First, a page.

Nick Bonino finally found his niche in Music City, just in time to be promptly traded somewhere else.
Say what you will about the deal that sent Bonino to the Minnesota Wild (personally, I think it made sense considering David Poile’s approach to the next couple of seasons). But boy howdy—his last season in Nashville was certainly one to remember. Bonino was the center-piece on the Predators’ most consistent line, and combined with his regained scoring touch and gritty defensive prowess, you could argue he was the Preds’ most critically valuable forward this past season.
Bones (or “Bone Zone,” as one OTFer tried and failed to dub him this season) finished with 18 goals and 17 assists for 35 points, a direct inverse from 2018-19 statline (17 goals and 18 assists). What’s impressive is that he hit that total in 14 fewer games. Had the league not stopped due to COVID-19 concerns, Bonino would have come close to setting his career-high mark in goals, 22, and likely would have topped 40 points for just the second time in his career, and the first since the 2013-2014 season.
The numbers are good enough, but Bonino’s overall offensive game is what stood out (in a good way) this seaon. Together with Craig Smith and Rocco Grimaldi, the trio combined to be the Preds’ most consistently offensively-efficient forward line.
There’s one big difference between the 2018-19 season and this past season. Take a look at the graphic below. The chart on the left is the shot map from Bonino’s ‘18-’19 season, while the one on the right is from this season.
A lot of Bonino’s shot attempts came from the wings or just above the circle in prior years. But this season, we saw a higher emphasis on offense generated from the slot, right around the net. Those aren’t just high-danger wristers, those are tips, deflections, and rebounds, exactly the type of grind-it-out goals you’d expect your third line to chip in.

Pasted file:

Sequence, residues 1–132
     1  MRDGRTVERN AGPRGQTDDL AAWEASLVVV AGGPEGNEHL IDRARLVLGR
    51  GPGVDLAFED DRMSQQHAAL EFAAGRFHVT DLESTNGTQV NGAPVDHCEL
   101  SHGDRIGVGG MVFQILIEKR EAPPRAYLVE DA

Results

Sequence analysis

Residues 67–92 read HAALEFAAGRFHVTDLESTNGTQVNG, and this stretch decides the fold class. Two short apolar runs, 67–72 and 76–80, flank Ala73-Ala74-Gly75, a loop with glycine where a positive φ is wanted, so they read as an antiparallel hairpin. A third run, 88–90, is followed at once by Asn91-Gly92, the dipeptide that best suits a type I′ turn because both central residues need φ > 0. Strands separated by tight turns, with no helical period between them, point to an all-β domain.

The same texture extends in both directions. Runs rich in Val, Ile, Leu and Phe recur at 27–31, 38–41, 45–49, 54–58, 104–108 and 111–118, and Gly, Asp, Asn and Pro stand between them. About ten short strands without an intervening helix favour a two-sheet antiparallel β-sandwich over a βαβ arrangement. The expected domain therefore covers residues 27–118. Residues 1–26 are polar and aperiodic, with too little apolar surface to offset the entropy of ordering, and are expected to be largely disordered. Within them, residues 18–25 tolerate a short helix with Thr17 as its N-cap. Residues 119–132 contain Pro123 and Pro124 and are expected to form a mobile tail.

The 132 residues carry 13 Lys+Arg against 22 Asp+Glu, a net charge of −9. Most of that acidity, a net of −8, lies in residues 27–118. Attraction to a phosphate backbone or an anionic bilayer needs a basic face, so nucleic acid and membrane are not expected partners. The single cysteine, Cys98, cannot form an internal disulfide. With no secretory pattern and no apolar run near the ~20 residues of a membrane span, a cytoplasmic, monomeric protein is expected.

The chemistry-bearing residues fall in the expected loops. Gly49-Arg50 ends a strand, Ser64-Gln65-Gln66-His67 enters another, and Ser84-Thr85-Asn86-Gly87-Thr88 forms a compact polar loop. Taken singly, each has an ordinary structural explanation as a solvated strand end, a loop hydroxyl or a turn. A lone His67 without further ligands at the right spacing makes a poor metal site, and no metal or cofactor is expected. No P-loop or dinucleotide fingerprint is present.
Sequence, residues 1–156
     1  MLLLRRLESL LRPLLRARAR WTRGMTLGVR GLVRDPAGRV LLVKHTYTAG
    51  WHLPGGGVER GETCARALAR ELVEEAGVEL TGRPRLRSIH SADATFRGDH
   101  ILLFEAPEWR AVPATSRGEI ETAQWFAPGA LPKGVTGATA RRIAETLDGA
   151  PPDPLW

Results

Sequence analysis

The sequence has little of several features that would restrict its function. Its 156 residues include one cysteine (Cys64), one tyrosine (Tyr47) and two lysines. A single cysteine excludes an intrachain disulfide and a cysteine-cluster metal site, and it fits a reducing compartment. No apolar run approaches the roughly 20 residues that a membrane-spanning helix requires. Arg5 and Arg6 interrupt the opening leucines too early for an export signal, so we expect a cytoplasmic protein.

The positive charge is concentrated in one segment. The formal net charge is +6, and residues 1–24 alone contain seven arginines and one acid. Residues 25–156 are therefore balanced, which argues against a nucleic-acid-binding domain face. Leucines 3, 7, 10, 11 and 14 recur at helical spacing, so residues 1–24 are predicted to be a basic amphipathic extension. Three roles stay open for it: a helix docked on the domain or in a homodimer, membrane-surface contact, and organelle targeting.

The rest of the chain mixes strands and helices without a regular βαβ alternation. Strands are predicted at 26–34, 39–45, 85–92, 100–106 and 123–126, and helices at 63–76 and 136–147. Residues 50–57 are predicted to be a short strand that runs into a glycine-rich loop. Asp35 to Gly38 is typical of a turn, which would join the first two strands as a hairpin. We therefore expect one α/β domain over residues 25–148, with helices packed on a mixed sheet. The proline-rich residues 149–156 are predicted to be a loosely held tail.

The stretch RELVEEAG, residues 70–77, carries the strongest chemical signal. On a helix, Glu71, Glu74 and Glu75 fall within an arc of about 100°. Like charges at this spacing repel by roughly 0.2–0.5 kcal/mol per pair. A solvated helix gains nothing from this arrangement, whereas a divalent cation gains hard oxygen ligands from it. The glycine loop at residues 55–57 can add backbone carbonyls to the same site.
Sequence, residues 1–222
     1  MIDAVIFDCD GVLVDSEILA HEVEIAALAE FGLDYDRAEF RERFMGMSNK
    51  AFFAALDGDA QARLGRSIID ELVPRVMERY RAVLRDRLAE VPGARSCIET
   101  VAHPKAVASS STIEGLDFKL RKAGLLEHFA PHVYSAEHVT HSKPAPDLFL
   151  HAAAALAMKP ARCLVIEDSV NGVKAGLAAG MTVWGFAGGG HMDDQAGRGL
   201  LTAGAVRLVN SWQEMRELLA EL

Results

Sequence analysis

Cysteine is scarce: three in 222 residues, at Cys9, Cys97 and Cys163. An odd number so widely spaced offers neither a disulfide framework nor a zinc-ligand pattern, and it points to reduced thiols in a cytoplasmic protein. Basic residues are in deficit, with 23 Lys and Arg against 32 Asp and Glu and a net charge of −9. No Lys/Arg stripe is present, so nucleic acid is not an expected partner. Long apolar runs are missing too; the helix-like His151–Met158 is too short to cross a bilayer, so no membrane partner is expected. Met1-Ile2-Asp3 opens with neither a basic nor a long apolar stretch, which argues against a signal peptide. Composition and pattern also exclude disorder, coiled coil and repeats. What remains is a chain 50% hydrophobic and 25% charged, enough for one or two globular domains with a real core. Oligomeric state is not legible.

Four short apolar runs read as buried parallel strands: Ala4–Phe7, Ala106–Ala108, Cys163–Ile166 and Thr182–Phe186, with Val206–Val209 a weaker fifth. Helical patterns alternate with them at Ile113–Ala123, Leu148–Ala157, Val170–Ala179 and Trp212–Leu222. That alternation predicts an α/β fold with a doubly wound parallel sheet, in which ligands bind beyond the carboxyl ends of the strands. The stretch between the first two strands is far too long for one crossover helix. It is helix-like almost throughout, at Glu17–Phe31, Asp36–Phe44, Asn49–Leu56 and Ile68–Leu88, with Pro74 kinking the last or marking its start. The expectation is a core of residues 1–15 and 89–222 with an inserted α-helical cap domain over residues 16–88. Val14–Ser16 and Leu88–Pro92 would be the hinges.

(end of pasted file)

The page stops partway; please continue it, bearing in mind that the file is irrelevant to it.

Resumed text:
Overall, there really wasn’t a whole lot Bonino didn’t do well this past season. He did well in the face-off circle (second in face-off win percentage to Johansen among Preds full-time centers.) He was the best penalty-killing forward, an area he did exceptionally well at despite the Preds’ short-handed struggles. Even shot blocking, a stat that has lost its luster among the stats community in the past few years, is another aspect where Bonino excelled.
If there is a downside to Bonino’s game, it’s the fact that—as my colleague Bryan Bastin put it—he’s not a microstats guy. What he meant by that is that in some advanced stats, like zone entries and exits, Bonino didn’t do particularly well. That third line didn’t do a great job of carrying the puck through the neutral zone and setting up offense. But again, that’s not a huge knock on that line...it’s just a product of their different styles.
Look, I’m nit-picking here. Again, there really wasn’t anything that stood out as an obvious drawback to Bonino’s game. He’s someone who did a lot of things well.
There was also this...
In what turned out to be one of the most one-sided 3-0 games in NHL history, Nick Bonino scored all three goals in the Preds’ win over the Chicago Blackhawks back at the end of October.
As mentioned earlier, Bonino will have a new team whenever the NHL season finally resumes. It’ll be curious to see where he falls in the Wild’s lineup. With the departure of Eric Staal and Luke Kunin (whom the Preds got in return for Bonino), Minnesota is extremely thin at center. It’s not far-fetched to think Bonino could have a top-six role with the Wild.
The Final Grade
Your turn, Preds fans. What grade would you give Bonino for his 2019-20 season?
What grade would you give Nick Bonino for the 2019-20 season?
This poll is closed